Shawbrook’s £2bn sale is on hold due to inflation fears and weak markets

Shawbrook private equity owners have put a proposed sale of UK challenger bank on hold after their hopes of attracting bids worth around £2billion failed to materialize, say four people familiar with the subject.

BC Partners and Pollen Street Capital, which bought the lender in 2017, had discussions this year with potential buyers.

But international investors are wary of buying in the UK at a time of political uncertainty and rising inflation, the sources said. Shawbrook specializes in lending to small and medium-sized businesses, which have been hit hard by inflation and soaring energy costs.

Choppy markets and a broader trading slump also thwarted the selloff, the people said.

It’s unclear when the bank will be put back up for sale, one said, while another said it could take 12 or 18 months before a process begins again. Private equity firms had also explored an initial public offering for the lender, but canceled that plan as well.

The decision to suspend plans comes as Britain’s economy is set to slide into recession as it grapples with the highest level of inflation in more than four decades.

‘If you look at the UK from the outside, you stop now,’ one of the people said.

According to consultancy EY, the value of deals in the UK financial services sector fell in the first half to £8.6bn, from £10.5bn a year earlier.

The challenger bank was launched in 2011 when Pollen Street, then part of the Royal Bank of Scotland, bought Whiteaway Laidlaw Bank, which was later renamed Shawbrook.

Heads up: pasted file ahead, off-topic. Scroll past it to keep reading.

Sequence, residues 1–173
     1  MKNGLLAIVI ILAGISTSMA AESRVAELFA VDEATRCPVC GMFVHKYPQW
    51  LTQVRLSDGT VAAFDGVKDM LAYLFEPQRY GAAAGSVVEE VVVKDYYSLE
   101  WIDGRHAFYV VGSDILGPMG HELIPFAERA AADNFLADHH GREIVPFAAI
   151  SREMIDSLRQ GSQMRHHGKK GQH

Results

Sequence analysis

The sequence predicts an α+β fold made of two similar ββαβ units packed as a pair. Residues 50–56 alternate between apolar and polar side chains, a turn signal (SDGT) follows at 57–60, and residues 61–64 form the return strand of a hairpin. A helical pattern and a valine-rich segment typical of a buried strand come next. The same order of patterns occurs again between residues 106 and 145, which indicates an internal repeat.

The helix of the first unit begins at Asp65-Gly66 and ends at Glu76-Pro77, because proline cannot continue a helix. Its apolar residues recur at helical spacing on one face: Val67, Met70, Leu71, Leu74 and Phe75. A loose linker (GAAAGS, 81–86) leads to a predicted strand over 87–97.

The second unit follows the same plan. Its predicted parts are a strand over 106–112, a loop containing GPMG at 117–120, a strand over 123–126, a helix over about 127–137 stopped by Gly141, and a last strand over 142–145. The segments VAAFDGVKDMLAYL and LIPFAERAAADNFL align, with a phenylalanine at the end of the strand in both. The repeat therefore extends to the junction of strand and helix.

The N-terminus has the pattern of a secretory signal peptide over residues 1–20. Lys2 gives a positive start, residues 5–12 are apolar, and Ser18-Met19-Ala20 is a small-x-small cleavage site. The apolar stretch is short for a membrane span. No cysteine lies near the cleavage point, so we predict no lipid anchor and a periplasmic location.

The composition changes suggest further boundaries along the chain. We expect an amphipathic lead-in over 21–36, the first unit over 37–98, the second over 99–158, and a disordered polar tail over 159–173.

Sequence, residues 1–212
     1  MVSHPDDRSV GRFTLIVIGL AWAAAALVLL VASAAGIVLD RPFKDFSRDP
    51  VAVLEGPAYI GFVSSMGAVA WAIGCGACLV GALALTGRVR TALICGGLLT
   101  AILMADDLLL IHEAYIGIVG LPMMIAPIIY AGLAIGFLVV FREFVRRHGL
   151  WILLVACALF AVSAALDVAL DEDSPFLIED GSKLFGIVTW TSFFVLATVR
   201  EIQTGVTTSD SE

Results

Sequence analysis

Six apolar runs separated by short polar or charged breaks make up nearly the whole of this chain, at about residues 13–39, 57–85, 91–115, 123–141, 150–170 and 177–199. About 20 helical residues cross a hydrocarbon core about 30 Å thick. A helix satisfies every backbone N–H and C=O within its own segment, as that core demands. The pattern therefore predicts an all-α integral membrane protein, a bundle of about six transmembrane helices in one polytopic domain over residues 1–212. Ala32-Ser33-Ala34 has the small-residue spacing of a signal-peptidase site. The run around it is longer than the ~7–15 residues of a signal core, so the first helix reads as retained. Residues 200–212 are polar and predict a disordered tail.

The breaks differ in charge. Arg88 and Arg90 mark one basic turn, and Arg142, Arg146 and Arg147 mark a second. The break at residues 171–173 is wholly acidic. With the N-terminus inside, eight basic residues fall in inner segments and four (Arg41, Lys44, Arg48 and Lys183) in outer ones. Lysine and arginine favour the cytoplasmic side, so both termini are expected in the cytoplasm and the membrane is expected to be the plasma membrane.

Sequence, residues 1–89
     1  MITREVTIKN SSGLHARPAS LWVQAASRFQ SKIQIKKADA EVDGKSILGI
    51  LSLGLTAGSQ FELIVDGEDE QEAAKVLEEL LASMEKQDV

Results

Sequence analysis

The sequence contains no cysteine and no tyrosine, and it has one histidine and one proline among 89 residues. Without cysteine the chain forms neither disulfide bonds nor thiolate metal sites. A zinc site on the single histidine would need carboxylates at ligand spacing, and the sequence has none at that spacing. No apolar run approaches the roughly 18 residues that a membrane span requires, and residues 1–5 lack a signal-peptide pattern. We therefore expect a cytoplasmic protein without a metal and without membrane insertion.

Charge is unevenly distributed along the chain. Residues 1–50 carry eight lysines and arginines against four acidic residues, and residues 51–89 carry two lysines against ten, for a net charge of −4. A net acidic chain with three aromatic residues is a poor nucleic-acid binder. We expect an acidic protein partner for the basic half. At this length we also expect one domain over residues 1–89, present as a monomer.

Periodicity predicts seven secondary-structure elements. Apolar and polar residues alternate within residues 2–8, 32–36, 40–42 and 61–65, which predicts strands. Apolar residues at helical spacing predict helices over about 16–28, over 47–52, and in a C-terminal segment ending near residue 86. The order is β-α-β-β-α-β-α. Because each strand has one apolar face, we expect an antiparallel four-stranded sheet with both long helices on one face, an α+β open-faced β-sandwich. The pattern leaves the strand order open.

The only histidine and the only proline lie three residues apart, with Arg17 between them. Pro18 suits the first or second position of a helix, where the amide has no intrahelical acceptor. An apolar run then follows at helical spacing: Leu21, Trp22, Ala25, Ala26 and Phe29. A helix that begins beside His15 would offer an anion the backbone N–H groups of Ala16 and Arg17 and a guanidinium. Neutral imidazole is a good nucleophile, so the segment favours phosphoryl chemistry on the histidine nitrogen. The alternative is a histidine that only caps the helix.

It posted a record pre-tax profit of £197m last year, up from £74m the year before. Its loan portfolio rose by a quarter to £8.6bn, while return on tangible equity, a measure of profitability, rose to 20.1%.

Pollen Street launched Shawbrook in London in 2015 with a valuation of £725m.

But Pollen Street decided to take it private again two years later with BC Partners, for £868million, after a hostile takeover. Private equity groups typically try to sell businesses within five years of buying them. BC bought its stake in the company using a fund it raised in 2017.

The deal came after Shawbrook took a £9m charge over bad debts that were uncovered in its asset finance arm, sending the bank’s shares down almost a pound. third at the time.

Despite economic headwinds, the challenger bank market is poised for more transaction activity following a series of mergers and sell-offs in recent years.

The Co-operative Bank made an offer for TSB last year, its second offer after a failed first attempt in 2013.

Shore Capital analyst Gary Greenwood said the gloomy economic backdrop could spur more business activity.

“A recession in the UK could put pressure on some of the less well capitalized and funded banks, which will likely create opportunities for stronger operators to consolidate those with attractive franchises,” he said.

BC Partners, Pollen Street and Shawbrook declined to comment.

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